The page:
Horst Seehofer, the leader of the CDU's Bavarian sister party, CSU, who represents the right-wing, recently said Germany did not "need more immigrants from different cultures like the Turks and Arabs" who are "more difficult" to integrate.

While warning against "immigration that weighs down on our social system", Merkel said Germany needed specialists from overseas to keep the pace of its economic development.

According to the head of the German chamber of commerce and industry, Hans Heinrich Driftmann, Germany is in urgent need of about 400,000 engineers and qualified workers, whose lack is knocking about one percent off the country's growth rate.

The integration of Muslims has been a hot button issue since August when a member of Germany's central bank sparked outrage by saying the country was being made "more stupid" by poorly educated and unproductive Muslim migrants with headscarves.

The banker, Thilo Sarrazin, has since resigned but his book on the subject -- "Germany Does Itself In" -- has flown off the shelves, and polls showed considerable sympathy for some of his views.

A recent study by the Friedrich Ebert Foundation think tank showed around one-third of Germans feel the country is being "over-run by foreigners" and the same percentage feel foreigners should be sent home when jobs are scarce.

Nearly 60 percent of the 2,411 people polled thought the around four million Muslims in Germany should have their religious practices "significantly curbed."

Far-right attitudes are found not only at the extremes of German society, but "to a worrying degree at the centre of society," the think tank said in its report.

"Hardly eight weeks have passed since publication of Sarrazin's theory of decline, and the longer the debate continues to a lower level it falls," the weekly Der Spiegel commented Sunday.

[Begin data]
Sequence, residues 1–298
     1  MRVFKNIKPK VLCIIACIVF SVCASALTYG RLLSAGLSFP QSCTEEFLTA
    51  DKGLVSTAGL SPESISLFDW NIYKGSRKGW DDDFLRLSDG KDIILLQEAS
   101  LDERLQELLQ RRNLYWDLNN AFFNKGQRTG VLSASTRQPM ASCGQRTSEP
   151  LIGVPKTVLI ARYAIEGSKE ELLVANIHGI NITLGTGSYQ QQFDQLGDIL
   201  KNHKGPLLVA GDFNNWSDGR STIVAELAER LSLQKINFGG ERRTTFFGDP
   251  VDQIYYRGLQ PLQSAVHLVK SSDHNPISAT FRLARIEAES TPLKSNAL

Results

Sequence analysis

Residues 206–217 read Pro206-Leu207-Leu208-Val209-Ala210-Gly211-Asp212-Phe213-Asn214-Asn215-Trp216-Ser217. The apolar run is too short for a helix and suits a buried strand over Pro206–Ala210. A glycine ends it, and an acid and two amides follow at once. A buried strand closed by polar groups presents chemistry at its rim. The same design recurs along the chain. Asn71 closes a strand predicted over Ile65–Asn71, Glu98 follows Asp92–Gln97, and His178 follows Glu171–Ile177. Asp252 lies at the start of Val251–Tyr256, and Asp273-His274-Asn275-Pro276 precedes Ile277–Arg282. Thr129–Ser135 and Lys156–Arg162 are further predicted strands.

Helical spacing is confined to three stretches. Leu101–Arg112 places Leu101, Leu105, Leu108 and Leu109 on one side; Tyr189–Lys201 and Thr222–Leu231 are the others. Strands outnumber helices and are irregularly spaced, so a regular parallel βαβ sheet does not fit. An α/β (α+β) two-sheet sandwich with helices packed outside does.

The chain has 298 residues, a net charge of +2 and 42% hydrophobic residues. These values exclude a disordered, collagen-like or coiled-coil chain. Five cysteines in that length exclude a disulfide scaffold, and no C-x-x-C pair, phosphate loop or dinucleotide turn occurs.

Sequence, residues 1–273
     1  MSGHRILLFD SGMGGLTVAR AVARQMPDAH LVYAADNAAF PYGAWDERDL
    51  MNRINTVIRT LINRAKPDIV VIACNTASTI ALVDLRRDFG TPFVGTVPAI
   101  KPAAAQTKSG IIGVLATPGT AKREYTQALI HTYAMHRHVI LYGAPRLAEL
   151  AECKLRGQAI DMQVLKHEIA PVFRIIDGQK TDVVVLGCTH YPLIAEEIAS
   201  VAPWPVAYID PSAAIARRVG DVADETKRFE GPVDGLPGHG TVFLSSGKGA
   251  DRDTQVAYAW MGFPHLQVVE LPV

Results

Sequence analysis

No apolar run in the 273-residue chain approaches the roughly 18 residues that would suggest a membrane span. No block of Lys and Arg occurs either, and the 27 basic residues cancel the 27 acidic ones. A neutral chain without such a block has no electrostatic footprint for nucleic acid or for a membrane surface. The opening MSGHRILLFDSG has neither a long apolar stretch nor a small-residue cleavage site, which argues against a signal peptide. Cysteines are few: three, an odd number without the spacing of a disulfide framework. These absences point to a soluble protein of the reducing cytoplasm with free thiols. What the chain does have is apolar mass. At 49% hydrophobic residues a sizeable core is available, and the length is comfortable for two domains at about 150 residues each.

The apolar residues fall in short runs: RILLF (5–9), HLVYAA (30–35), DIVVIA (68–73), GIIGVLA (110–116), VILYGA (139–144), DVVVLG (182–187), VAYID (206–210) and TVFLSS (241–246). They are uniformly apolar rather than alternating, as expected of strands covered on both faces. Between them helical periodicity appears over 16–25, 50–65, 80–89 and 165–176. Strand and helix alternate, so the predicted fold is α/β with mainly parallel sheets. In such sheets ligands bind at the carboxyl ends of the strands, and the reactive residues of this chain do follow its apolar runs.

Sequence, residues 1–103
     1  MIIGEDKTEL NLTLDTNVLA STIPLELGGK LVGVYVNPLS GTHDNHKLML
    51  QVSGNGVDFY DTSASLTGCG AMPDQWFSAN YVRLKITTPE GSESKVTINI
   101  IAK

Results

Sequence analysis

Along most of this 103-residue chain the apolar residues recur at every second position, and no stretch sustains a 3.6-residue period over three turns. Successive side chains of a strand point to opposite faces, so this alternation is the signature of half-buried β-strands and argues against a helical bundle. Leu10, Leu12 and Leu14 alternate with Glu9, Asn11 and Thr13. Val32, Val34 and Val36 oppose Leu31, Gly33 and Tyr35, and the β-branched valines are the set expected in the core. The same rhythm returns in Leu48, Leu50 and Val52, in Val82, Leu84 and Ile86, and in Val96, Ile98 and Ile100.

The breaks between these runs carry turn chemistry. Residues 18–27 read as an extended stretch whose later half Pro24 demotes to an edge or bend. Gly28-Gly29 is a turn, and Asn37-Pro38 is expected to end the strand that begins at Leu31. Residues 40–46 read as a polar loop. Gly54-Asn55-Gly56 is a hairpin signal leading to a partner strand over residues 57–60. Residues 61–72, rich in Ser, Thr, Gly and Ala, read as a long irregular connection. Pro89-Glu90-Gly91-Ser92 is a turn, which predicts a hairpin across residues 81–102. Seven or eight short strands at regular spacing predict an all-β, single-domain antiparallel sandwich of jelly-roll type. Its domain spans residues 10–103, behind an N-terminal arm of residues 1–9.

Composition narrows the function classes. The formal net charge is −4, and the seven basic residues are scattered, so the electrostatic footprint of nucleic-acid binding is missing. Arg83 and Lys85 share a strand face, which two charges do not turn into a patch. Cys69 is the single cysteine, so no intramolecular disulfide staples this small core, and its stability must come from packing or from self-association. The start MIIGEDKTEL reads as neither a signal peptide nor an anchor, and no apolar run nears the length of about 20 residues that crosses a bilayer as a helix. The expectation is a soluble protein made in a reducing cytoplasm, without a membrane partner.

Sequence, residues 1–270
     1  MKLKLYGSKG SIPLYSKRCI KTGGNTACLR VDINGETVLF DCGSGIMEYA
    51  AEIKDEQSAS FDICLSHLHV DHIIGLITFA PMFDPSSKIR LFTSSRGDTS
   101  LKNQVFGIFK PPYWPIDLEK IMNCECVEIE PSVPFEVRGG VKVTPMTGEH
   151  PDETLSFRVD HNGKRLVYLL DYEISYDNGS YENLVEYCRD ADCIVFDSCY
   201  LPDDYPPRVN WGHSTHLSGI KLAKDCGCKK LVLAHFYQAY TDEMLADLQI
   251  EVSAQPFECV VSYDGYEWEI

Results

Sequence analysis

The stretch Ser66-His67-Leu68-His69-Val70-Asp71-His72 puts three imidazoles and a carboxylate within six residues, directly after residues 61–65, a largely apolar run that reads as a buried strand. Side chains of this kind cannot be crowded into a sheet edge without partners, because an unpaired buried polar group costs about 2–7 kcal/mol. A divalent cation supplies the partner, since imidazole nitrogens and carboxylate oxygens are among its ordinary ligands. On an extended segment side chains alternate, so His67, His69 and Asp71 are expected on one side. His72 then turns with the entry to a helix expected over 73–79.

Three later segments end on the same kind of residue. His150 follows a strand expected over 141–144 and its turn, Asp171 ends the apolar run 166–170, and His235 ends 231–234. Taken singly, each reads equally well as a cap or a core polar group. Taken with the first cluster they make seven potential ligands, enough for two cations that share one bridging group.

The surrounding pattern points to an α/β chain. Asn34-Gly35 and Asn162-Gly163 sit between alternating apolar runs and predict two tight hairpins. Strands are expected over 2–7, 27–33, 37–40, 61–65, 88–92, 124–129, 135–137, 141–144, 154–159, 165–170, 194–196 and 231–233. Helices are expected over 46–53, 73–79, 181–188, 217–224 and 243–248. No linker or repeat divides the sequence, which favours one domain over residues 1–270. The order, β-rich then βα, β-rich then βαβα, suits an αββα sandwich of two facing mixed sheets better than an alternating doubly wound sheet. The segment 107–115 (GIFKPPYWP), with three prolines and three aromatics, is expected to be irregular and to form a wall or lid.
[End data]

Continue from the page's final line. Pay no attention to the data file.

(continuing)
23975  DBMA Martial Arts Forum / Martial Arts Topics / Re: DBMA getting some love on the UnderGround (UG) on: October 18, 2010, 07:57:38 AM
The signal to noise ratio there remains as I remember it.
23976  Politics, Religion, Science, Culture and Humanities / Politics & Religion / Re: 2010 Elections; 2012 Presidential on: October 18, 2010, 07:33:13 AM
What has Condi Rice said about Clinton and Bamster?

BTW, she did not impress me as SoS.
23977  Politics, Religion, Science, Culture and Humanities / Politics & Religion / OMG-- Krugman? on: October 18, 2010, 07:31:58 AM
Rare and Foolish
Published: October 17, 2010
comments (17)
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CloseLinkedinDiggMixxMySpaceYahoo! BuzzPermalink Last month a Chinese trawler operating in Japanese-controlled waters collided with two vessels of Japan’s Coast Guard. Japan detained the trawler’s captain; China responded by cutting off Japan’s access to crucial raw materials.

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Fred R. Conrad/The New York Times
Paul Krugman

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And there was nowhere else to turn: China accounts for 97 percent of the world’s supply of rare earths, minerals that play an essential role in many high-technology products, including military equipment. Sure enough, Japan soon let the captain go.

I don’t know about you, but I find this story deeply disturbing, both for what it says about China and what it says about us. On one side, the affair highlights the fecklessness of U.S. policy makers, who did nothing while an unreliable regime acquired a stranglehold on key materials. On the other side, the incident shows a Chinese government that is dangerously trigger-happy, willing to wage economic warfare on the slightest provocation.

Some background: The rare earths are elements whose unique properties play a crucial role in applications ranging from hybrid motors to fiber optics. Until the mid-1980s the United States dominated production, but then China moved in.

“There is oil in the Middle East; there is rare earth in China,” declared Deng Xiaoping, the architect of China’s economic transformation, in 1992. Indeed, China has about a third of the world’s rare earth deposits. This relative abundance, combined with low extraction and processing costs — reflecting both low wages and weak environmental standards — allowed China’s producers to undercut the U.S. industry.